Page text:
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The run-time configuration file and settings is documented here.

My question to you is why would you need to read this file from within your application? The settings within it including environment variables will automatically be set in your programs environment prior to it being started. So if in application.config you are setting the environment variable dd_MYFILE=TESTFILE.dat, for example, the file handler will automatically use that value for the file assigned to external MYFILE.

Other environment variables and tunables will also be set accordingly so you shouldn't need to access them. If you do wish to check the setting of an environment variable you can do so using the DISPLAY UPON ENVIRONMENT-NAME/ACCEPT FROM ENVIRONMENT-VALUE syntax.

The downside of these types of files is that they need to be compiled first but this can also be a plus if you want to protect the files by being updated by other end-users.

 

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Why would I want to read this file from withing my application?  The only reason to have an application.config file is to be able to specify settings, at run time, and read them from within the program.  Otherwise I may as well hard-code them into the program.  When I first started writing COBOL programs, these settings were "COBOL SWITCHES"  these were actual switches on the front panel of the computer, that we could set on the computer itself before the program ran, hence the name.  This was the way the computer operator could communicate with the program.  This way parameters could be set without having to change the actual program.  Environment varaibles serve a similar purpose.  They are a way to provide information that is not available at the time the program is compiled, to the program about the environment in which the program is running so that the program can adapt its behavior appropriately.  One example would be to tell the program whether it is running in a Debug, Test, or Production environment.  Another example would be to tell the program what server it is running on and where the files are that it needs to read.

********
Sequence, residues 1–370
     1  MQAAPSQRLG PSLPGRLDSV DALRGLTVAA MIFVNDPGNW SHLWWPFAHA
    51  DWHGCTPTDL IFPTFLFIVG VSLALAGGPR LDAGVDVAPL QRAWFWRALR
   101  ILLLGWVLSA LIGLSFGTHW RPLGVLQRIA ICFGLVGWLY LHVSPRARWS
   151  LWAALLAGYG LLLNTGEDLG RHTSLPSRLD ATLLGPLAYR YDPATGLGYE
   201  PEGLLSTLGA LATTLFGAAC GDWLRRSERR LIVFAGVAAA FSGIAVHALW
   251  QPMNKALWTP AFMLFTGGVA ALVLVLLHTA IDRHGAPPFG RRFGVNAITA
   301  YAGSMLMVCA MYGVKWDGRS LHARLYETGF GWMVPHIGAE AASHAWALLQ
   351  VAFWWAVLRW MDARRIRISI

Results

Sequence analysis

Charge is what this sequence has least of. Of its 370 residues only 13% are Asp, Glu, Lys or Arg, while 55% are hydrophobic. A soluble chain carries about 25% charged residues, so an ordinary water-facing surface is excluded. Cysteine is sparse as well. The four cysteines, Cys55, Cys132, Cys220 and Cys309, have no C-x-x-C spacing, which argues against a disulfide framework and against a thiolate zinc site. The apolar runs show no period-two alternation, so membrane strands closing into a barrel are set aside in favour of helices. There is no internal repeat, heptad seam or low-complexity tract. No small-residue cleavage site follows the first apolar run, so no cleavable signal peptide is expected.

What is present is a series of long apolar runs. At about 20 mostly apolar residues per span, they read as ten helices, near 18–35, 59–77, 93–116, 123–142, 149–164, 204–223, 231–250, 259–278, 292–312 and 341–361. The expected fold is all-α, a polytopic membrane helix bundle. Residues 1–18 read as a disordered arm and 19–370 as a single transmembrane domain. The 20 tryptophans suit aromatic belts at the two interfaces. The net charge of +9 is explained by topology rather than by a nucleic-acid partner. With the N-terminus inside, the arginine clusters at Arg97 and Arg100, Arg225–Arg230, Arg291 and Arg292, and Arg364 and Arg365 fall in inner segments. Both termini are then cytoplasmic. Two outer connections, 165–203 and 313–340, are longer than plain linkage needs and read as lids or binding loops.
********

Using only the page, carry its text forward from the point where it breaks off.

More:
Having an application.config file that is compiled and cannot be set according to the environment defeats the entire purpose of having an application.config file.

In the Visual Basic and C# environment, the application.config file can be edited according both using text editors and automated in the Build process to accomodate the different Build configurations.

For my Managed Code programs, I use an app.config file that allows me to change the database server name and other settings.  In the IDE it automatically provides a Setting object that I can easily refer to in my program.  I can also set up transforms in build process that change the settting values in app.config file according whether the Build configuration is Debug, Test, or Release.